It was not correct to ask for a summons to issue in the firstinstance upon the party sought to be added. The correct procedurethat should have been followed for that purpose was pointed out.and laid down in Loos v. Scharenguivel1 so far back as 1891. Itwas there pointed out that the procedure for adding a party undersection 18 of the Civil Procedure Code should be that the partyseeking to bring in a third person should obtain ex parte, an ordergiving leave to serve a notice on the person whom he desires'* tobring in, and the question whether such person ought to.be joinedshould be considered and dealt with in his presence and in that ofthe parties already on the record.
It is evident, therefore, that the latter part of the motion of theplaintiff’s proctor that summons should issue is not in order. It isunfortunate for his client that the plaintiff’s proctor should have
13 C.L. It. 47.
.( 212 )
1022. blundered in the manner he has done in respect of procedure whichSchxbu>br ^ad been laid down over thirty-one years ago. But that blunderj. has no bearing upon the situation which has developed..
Banda v. On July 18, 1922, Mr. Molamure states that before judgment wasDMarmaratne delivered, he moved that it be deferred till the application was con-sidered for the addition of the party to whom the property wasalleged to have been transferred during the pendency of the action.The learned District Judge appears to have regarded the motionof Mr. Molamure strictly according to the wording of the motionin writing, qnd to have told Mr. Molamure that he must deliver hisjudgment then and take notice of the motion to defer, the enteringof the decree should be given to the second defendant and its con-sideration be taken up. later. He accordingly pronounced hisjudgment, which is. in favour of the plaintiff against both defendantsas prayed for, that is, for the sum claimed in the plaint upon thefooting of a hypothecary decree.
The matter of the plaintiff's motion was considered by the DistrictJudge on July 28, 1922, when he held that he had ho power to deferthe entering of the decree in terms of his judgment' He directedthat decree should be entered in terms of his judgment. From thisorder the plaintiff appeals.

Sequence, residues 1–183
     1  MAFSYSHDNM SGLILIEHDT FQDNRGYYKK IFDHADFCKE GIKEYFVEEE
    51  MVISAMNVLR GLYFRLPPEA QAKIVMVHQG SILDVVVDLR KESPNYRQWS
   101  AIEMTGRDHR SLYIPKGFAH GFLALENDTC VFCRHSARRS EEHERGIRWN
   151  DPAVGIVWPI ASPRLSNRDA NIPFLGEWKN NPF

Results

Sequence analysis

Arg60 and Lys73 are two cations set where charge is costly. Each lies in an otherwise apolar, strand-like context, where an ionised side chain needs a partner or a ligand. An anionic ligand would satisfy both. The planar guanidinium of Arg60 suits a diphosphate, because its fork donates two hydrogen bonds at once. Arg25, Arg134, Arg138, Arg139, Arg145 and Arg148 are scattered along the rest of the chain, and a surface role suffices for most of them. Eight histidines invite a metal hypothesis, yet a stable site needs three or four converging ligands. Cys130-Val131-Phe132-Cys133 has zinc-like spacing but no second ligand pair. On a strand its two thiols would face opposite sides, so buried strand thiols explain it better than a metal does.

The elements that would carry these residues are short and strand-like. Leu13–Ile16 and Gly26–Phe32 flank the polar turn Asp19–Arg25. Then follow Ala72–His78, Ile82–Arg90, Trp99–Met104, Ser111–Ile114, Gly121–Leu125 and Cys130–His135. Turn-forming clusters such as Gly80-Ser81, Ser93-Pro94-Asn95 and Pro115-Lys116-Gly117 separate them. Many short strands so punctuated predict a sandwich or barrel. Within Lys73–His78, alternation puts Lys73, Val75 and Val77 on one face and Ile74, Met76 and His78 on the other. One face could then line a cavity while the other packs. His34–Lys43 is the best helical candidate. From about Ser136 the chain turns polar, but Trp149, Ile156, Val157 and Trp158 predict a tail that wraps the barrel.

His appeal is dated August 8. It is evident that if the appeal -be regarded as from any order made on July 18, it is out of time.From the petition of appeal it is clear that the plaintiff’s proctorregarded the appeal as from the order ref using' to; defer the enteringof the decree on July 28. To my mind the learned District Judgewas quite right in so refusing,/ ' The reason given by him is good,viz., that he had no power to delay the Entering of the decree oncejudgment had been pronounced. ‘
Judgment and decree an&.'defined in the Civil Procedure Code,..and the provisions in sections 187 and 188 of the Code make itplain that the decree must follow as, of course, when the judgment hasbeen pronounced. – It seems to me that the written motion shouldhave been that the Court should not decide the action or pronouncejudgment till the.plaintiff had taken steps to add the person whose,name was disclosed as a party to the action. It would accordingly.appear that the motion was not rightly conceived in either of thetwo matters to which it referred. The plaintiff is also to blamein that he omitted to register his “ Us pendens.” Had the provisionsof the law been followed in that respect, he would not have foundhimself in the present predicament.
Two questions arise for decision:-—
Could a. fresh party be added to the action at the stage of
it at which the application was made.
Should the plaintiff's application have been allowed.